Grand Prix

Monaco’s Late Prince Rainer Loved Cars. Now His World-Class Collection Has Moved to Its Own Museum.

Monaco’s Late Prince Rainer Loved Cars. Now His World-Class Collection Has Moved to Its Own Museum.

Think of revved engines and race cars, jetsetters and checkered flags and one place comes to mind: Monaco. It’s almost 100 years since the first Grand Prix took place there, one that’s now part of the petrolhead Triple Crown. Fast cars are a permanent fixture there, though: Garages in Monaco resemble more a Ferrari and Porsche showroom than a parking lot.

Wealth has helped Monaco stay at the forefront of high-end automobile excellence, of course, but it’s more than that. The late ruler, Prince Rainier III, was only six when that first Grand Prix took place, but cars became a lifetime obsession. He bought so many, in fact, that his private collection outgrew the garage at the palace—and so he opted to open them up to the public in 1993.

The assortment used to be housed in a soulless, cavernous space close to that palace complex in the Fontvieille district, about as inconvenient a site as possible in a 499-acre country (that’s smaller than Central Park). Thankfully, though, Rainier’s son, the present ruler Prince Albert, has just reopened his family’s collection in a brand-new site, right at the principality’s heart.

The façade of La Collection, where Prince Rainier III’s vast car collection is on display. 

Mark Ellwood

That new, custom-built home by architect Fabrice Notari took 10 years from start to finish. It’s a futuristic, almost 38,000-square-foot underground bunker that sits right on the Port Hercules. The new location is a nod to Monaco’s connections with F1, as it’s right by the double chicane dubbed the Piscine during the race. It’s also handily on the harbor where many superyachts berth—step off your yacht and you can now visit the collection within minutes.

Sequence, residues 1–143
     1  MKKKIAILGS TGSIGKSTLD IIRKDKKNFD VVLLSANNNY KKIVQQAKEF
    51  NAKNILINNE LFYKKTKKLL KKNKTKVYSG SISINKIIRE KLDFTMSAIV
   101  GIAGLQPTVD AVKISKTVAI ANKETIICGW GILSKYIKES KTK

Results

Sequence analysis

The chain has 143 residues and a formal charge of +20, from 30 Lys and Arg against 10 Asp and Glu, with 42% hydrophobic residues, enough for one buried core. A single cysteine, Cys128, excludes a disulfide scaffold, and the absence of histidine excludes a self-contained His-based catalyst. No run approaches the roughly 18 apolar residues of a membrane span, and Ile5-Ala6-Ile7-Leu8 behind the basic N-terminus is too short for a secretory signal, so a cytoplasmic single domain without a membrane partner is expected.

In the old space, the cars were lined up, almost dutifully, more like a kid might when playing with a few miniatures. Now, the royal family’s haul has been reinstalled in a smarter, pithier way, with 75 cars (both borrowed and crown-owned) ranging over two floors with a distinct sense of direction and curation.

A 1973 Porsche 911 Carrera. 

Mark Ellwood

There are teasers at the entrance, like the swaggering but featherlight 1973 Porsche 911 Carrera, one of the first to integrate racing performance into a road car. The visit truly starts, though, as you’re guided downstairs to the lower mezzanine. The display here focuses on the collection that Rainier himself assembled; there’s a regular vroom-vroom piped through the speakers to amp up the atmosphere.

The cars are clustered in various groupings: Take the museum’s own Concours d’Elegance, where they line up for inspection, show pony-style with a 1920s-era Rolls-Royce like a 40/50 HP Silver Ghost Limousine Barker, sturdy and elegant, or the eight-cylinder Delage Berlin from 1934. Look, too, for the case of glass vials, a rainbow of colors. “This is what they used to put real flowers in to scent the car,” Valerie Closier, the museum director and the daughter of an amateur rally driver, told Robb Report on a recent tour, “Now, we just have the pine trees.”

The Isetta “Bubble Car’” 

Mark Ellwood

Another section here is dubbed “The Beautiful Italians”—though it’s confusingly ranged against screens showing black and white movies featuring Elvis among others, while speakers blare 1950s pop. Most of these cars are gleaming, and lipstick-red, with the racy insouciance that’s so typical of Italian design. Take the Isetta—best known as the bubble car (pictured above)—that’s jauntily installed by the staircase, its front invitingly wide open; sadly, there’s no way to reach its butter-leather taupe seats. Tucked in one corner nearby is a 1950s race car legend: One of only seven Renault 1603s adapted for racing, it’s the sole one to have championed at the Le Mans 24 Hour race, in 1951.

The Renault 1603, which raced in Le Mans. 

Mark Ellwood

Prince Albert, the principality’s current ruler, offloaded almost 40 of his father’s favorites at auction a decade ago, from a 1956 Bentley S1 to a Berliet C2 from 1907. But his sale wasn’t a sign of waning interest; the current ruler is as much of a petrolhead as Grimaldi père. The upper level of the museum is dedicated to the race cars that Albert favors, among them Nigel Mansell’s Ferrari, which won him two F1 races. If you’re wondering what the latest addition is, just follow the selfie trail: There will usually be someone squatting down in front of the Ferrari driven by Charles Leclerc, which he loaned to the museum. And no wonder he picked this collection above all others—the 24-year old isn’t just a champion driver but one of the fewer than 40,000 people in the world who are Monaco born and bred.